Thursday, 11 September 2014

How Trustworthy Are Electronic Cards?

I’ve wondered that for some time. Unlike real cards, electronic cards are shuffled using an algorithm. If real cards are not shuffled thoroughly, there will sometimes be suits that run together; a hand of three aces may turn up in the next hand, as may a straight, either in the hand of one player or around the table. Weird stuff can happen. I can think of two instances, one from the 1970s and another from the 1980s. In the first, two of us were playing stud heads up, and one of us had a straight flush. Then there were similar combinations coming up. A third player joined the game, and the weird stuff stopped dead.

Another time I was watching a game of 5 card stud at Birmingham; one player won a hand with a flush, and the very next hand the same player had another flush. I believe the suits were clubs and diamonds although I can’t remember in which order they appeared. The loser was dismayed because he couldn’t believe this could happen twice in a row in a game where a flush is a rarity, but there was no sleight-of-hand involved.
If you play games with more than one deck, all sorts of weird stuff happens; in the game called seventy-nine, which is played with four decks shuffled together, I have on many occasions seen players dealt hands that require no play, or maybe a player calls with his first draw. All the same, I can’t help feeling there is something not quite right with electronic cards. Here are a few examples.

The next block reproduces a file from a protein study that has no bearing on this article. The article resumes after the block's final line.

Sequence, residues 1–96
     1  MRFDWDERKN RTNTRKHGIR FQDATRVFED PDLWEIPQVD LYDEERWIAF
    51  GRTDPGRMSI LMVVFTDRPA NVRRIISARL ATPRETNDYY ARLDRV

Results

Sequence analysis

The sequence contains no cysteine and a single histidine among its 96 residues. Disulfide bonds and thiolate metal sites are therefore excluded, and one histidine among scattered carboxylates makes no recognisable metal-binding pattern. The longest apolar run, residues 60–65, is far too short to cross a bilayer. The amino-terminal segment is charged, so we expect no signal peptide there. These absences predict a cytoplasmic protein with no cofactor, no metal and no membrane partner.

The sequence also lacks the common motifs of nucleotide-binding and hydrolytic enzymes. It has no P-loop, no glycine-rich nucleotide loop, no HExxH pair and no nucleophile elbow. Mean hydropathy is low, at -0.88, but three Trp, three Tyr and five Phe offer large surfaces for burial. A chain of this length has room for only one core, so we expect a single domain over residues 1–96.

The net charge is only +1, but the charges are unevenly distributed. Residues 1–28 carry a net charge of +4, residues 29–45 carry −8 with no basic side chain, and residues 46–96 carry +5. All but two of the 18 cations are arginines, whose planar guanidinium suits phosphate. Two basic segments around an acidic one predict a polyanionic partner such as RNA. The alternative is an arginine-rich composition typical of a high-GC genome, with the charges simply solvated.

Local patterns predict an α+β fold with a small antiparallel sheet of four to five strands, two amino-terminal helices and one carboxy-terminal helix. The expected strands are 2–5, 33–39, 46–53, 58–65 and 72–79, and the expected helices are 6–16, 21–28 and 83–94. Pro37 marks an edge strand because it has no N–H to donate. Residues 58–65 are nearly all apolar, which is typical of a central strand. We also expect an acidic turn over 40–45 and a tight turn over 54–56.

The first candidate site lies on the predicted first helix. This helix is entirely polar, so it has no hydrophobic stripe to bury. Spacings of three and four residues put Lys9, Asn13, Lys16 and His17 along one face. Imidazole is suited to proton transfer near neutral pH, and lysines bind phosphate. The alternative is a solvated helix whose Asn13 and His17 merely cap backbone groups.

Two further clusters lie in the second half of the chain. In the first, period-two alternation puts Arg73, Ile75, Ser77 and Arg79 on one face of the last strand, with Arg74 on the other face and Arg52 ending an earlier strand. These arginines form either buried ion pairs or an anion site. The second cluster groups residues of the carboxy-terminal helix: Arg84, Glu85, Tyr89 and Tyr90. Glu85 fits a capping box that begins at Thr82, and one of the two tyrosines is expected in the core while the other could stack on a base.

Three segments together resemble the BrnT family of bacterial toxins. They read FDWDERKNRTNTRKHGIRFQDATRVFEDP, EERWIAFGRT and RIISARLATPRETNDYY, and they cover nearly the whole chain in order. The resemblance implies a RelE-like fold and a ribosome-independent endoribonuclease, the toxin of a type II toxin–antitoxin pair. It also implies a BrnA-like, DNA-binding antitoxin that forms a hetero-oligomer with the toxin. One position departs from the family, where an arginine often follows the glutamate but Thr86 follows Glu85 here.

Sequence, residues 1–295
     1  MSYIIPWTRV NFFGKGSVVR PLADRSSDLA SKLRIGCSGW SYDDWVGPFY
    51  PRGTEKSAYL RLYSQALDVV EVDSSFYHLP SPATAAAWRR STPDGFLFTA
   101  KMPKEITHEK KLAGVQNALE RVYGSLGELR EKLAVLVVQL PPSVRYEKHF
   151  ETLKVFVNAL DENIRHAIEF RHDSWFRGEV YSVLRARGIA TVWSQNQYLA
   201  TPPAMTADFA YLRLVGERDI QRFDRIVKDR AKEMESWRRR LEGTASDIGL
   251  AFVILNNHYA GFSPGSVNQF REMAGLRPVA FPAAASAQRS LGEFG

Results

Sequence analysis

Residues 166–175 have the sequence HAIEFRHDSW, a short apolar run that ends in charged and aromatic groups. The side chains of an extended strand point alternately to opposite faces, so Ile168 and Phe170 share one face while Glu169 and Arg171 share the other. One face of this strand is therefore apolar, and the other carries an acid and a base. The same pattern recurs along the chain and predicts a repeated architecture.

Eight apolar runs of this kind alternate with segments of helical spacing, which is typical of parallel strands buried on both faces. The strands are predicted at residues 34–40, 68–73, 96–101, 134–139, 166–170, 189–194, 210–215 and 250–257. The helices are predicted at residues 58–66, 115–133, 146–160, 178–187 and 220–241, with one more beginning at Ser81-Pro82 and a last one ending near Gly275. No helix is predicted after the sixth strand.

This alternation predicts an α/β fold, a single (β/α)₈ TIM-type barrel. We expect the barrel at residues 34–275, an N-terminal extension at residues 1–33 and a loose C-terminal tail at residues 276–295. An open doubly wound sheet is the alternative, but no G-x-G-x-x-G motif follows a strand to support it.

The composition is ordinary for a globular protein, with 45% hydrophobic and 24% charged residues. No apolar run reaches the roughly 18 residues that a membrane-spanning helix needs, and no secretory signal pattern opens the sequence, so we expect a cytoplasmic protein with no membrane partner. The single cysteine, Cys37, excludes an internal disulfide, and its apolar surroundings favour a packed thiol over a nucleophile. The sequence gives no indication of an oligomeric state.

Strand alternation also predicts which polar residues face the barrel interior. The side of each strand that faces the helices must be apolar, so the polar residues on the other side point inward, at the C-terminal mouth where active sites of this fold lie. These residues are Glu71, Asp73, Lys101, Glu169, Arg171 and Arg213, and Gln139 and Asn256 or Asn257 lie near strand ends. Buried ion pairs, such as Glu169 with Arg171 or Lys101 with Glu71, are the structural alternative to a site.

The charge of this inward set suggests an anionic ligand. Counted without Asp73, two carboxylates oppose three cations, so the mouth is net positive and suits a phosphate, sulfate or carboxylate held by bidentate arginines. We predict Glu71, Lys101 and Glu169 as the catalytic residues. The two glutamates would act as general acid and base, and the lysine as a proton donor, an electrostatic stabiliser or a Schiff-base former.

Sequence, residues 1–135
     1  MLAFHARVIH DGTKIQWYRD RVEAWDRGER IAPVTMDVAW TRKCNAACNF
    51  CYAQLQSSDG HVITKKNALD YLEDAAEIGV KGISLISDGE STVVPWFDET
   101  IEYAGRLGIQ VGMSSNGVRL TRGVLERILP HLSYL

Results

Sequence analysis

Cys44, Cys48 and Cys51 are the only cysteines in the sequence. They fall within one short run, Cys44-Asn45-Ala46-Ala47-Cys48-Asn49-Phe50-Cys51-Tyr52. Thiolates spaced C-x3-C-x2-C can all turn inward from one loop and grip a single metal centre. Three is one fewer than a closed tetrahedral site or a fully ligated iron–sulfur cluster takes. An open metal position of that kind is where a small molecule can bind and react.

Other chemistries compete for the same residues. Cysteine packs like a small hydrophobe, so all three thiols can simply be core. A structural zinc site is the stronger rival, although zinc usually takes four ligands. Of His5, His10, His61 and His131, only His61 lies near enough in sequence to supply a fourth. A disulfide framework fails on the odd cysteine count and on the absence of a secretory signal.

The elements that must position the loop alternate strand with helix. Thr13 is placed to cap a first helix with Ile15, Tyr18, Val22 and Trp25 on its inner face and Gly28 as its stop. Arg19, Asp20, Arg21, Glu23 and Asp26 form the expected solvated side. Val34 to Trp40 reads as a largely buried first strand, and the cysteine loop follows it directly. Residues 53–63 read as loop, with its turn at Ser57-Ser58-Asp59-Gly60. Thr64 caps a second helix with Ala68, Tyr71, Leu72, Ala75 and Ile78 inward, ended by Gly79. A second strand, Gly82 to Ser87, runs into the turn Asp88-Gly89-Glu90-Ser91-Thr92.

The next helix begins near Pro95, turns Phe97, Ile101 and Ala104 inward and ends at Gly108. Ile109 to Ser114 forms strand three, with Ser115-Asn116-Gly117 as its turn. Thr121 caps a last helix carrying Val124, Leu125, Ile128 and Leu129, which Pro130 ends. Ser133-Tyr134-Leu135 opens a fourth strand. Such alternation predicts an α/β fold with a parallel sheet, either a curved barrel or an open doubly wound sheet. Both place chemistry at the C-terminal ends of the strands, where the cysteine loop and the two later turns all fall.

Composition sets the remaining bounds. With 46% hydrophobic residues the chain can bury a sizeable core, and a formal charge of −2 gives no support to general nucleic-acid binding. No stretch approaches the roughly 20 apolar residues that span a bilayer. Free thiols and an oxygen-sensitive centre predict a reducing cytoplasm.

The above is from a freeroll on PokerStars, December 13, 2012. I had a massive draw, and hit a straight flush. Not so unusual this one. For the record, this earned me the princely sum of 61c. I finished 767 of 18,924 runners with 2,500 places paid.

December 23-4, 2013 on Full Tilt. I didn’t cash in this, but it is truly amazing how often the wheel turns up in both stud hi lo (as here) and Omaha hi lo.

June 4, 2014: I may not have cashed, but I hit a gutshot this hand.

September 8, 2014: A bounty tournament; I took 3 bounties in all including the bubble man; there were 72 runners and only 8 places paid. I was chip leader at one point, but by rights I should not have cashed. I can’t remember the exact play but we were all-in pre-flop, and before the cards were dealt I knew I was behind, probably badly so. And as so often at hold ’em with a three way pot, the worst hand wins.

The same tournament in the small hours of September 9, 2014. Just to prove I did indeed cash.

September 9, 2014: This screengrab doesn’t say much, but I had some truly remarkable luck to finish runner-up in this razz tournament.

No comments:

Post a Comment